Given the historic valuations, Grantham advises against investing in real estate or US stocks at current levels.
“Don’t invest in real estate, don’t invest in the US,” said Grantham. “If you have to invest in the US, quality has been the mispriced asset for 100 years. They outperform in bear markets. They underperform in bull markets, because you want to own Tesla, you want to own meme stocks, you want to own what’s flying. You don’t want to own Coca-Cola, it’s just too boring.”
High-quality companies with strong balance sheets and stable earnings growth can offer resilience in downturns. Grantham notes they carry multiple advantages including lower risk across the board.
Bitcoin an “Elaborate Scam” Unlike True Innovation of AI
Grantham dismissed cryptocurrencies like bitcoin as hollow speculation without fundamental value.
“Bitcoin is, of course, an elaborate scam, really,” said Grantham.
Proponents claim digital coins offer a store of value, inflation hedge, or decentralized payments network. But volatility, development hurdles, and structural issues around mining and scalability cloud the outlook.
While skeptical on crypto, Grantham believes innovations like artificial intelligence represent transformative technologies.
“Artificial intelligence is absolutely for real,” said Grantham. “Is it big enough, soon enough to stop the deflating? No, I don’t think it is. It’s a 10-, 20-year, multi-decadal effect going off into the distant future, and it will be potentially vast in its effects.”
Commodities Subject to Boom-Bust Cycles
Grantham also remains cautious on commodities, despite inflationary pressures across raw materials from energy to metals.
“Commodities break your heart because just as they’re doing well, they have a wipeout for 18 months, and then they go roaring back to a new high,” Grantham explained.
Supply gluts after periods of high prices often crater commodity markets in violent cycles. While they can hedge inflation, buying at the wrong time leads to poor returns over the long run.
Economists “Lost the Plot” on Their Core Job
Grantham pulled no punches in his assessment of the economics field either.
“I’m not a great believer in economists,” said Grantham. “They’ve lost the plot for the last 70 years. They’ve forgotten their job description, which is to be useful. They drown in assumptions and closed systems, which are largely irrelevant for everything except their reputation inside their industry.”
He believes academics have grown disconnected from the real world needs of policymakers and market participants. Their models steeped in theory make too many simplifications to offer useful guidance on financial markets or macro trends.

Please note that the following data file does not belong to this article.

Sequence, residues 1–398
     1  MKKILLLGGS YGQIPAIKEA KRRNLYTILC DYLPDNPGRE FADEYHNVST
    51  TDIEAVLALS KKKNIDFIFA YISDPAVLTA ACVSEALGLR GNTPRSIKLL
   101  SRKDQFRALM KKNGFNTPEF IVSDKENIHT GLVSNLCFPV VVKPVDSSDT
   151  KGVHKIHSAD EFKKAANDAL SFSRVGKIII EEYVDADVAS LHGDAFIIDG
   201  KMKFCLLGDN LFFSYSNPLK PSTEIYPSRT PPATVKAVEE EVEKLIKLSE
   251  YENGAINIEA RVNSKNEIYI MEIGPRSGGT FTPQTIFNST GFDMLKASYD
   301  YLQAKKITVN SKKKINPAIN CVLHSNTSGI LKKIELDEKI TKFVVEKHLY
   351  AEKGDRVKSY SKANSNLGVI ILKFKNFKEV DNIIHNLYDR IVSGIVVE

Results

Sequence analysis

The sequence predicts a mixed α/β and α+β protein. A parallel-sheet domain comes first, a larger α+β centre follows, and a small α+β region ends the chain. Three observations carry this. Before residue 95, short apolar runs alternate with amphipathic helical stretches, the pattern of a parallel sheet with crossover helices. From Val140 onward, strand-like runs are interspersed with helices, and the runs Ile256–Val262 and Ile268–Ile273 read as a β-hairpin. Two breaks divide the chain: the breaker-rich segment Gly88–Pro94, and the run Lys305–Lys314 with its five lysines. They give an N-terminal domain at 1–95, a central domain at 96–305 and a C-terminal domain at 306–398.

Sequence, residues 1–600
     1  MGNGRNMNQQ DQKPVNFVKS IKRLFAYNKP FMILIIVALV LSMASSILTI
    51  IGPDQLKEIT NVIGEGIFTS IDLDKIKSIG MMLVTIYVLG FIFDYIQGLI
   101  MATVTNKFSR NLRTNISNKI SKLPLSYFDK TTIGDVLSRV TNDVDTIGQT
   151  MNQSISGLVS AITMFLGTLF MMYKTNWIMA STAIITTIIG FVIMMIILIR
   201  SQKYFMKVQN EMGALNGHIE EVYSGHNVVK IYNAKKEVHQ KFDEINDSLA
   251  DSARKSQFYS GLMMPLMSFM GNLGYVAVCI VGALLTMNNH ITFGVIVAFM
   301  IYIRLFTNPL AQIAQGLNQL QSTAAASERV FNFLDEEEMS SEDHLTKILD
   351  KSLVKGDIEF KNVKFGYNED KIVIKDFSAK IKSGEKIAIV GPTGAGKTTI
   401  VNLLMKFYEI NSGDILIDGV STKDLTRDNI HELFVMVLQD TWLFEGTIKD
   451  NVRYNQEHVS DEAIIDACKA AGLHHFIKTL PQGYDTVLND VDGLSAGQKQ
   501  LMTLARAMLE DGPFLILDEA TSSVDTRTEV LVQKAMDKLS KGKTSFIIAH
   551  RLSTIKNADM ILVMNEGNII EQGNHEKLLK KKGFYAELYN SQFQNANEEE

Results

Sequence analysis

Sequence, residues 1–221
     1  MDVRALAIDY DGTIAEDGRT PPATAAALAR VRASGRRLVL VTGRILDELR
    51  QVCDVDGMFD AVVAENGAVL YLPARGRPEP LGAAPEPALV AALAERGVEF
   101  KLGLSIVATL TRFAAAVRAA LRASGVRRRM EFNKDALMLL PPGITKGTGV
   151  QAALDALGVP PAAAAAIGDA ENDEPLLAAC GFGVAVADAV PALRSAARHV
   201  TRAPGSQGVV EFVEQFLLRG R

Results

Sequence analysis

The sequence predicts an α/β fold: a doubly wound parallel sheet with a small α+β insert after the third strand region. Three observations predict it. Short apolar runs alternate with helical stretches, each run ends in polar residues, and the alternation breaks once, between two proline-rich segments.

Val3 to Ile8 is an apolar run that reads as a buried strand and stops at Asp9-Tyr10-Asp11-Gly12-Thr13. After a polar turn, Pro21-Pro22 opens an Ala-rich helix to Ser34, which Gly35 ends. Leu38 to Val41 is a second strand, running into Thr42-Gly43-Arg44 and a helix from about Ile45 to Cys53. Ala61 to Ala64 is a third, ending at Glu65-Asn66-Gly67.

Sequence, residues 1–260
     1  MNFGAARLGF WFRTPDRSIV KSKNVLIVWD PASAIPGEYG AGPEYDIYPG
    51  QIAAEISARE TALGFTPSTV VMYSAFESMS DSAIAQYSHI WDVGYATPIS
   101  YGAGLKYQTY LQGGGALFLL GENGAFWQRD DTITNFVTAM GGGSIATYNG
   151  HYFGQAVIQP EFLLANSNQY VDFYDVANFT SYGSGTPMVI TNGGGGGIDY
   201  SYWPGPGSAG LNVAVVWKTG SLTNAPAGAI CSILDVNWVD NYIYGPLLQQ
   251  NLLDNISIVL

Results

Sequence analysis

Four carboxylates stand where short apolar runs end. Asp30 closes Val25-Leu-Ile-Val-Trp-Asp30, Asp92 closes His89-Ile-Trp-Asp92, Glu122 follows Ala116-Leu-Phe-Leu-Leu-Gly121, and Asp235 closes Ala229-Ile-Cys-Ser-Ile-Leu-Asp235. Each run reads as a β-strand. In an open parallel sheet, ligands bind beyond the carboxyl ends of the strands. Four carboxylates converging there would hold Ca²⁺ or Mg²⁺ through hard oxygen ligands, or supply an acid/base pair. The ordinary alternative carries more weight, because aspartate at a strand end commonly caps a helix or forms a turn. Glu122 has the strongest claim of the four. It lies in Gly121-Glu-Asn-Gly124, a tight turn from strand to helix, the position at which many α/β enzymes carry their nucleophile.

Oil’s Demise Will Come as Alternatives Scale Up
As for oil, Grantham expects a secular decline over the long term even if prices spike in the near future.
“You should not be surprised if the price of oil doesn’t go over $100 maybe once or twice in the next five years,” said Grantham. “You should be amazed if the price of oil does not then have a long-term crutch, and it will run down to a level where the Saudis or somebody will be able to grind out $45 oil into the setting sun. That’s how I think the game will end.”
While demand may remain robust in the next decade, alternatives like renewables and electric vehicles will eventually displace hydrocarbons. Supply could also exceed consumption in the outer years, fulfilling Grantham’s prediction of lower oil prices for the long term.
Grantham made several provocative claims about frothy markets and what may lie ahead. While only time will tell if his dire warnings come to fruition, the investment legend makes thought-provoking arguments grounded in history and experience.
Investors may be wise to examine their portfolios with the potential risks in mind. Diversification, value screens, and risk management could help weather the storm if Grantham’s projected 50% stock collapse materializes.
Alternatives like cash, Treasuries, gold, and other uncorrelated assets may also buffer volatility when valuations revert in equities, real estate, and risk assets.
Meanwhile, technological innovations like AI, automation, renewable energy, and more efficient batteries could reshape industries and redefine productivity in the decades ahead. Some emerging fields may warrant attention despite Grantham’s overall caution on crowded trades.
Of course, predictions even from experts like Grantham are hypotheticals. His provocative outlook serves more as food for thought than investment gospel. Still, reviewing exposure through a defensive lens could help safeguard portfolios against projected risks ahead.
As Grantham himself would advise, maintaining realistic return assumptions and disciplined diversification remains key in these unprecedented times. We may not know exactly what the future holds, but we can take sensible steps to prepare for stormy weather after the longest bull run in history.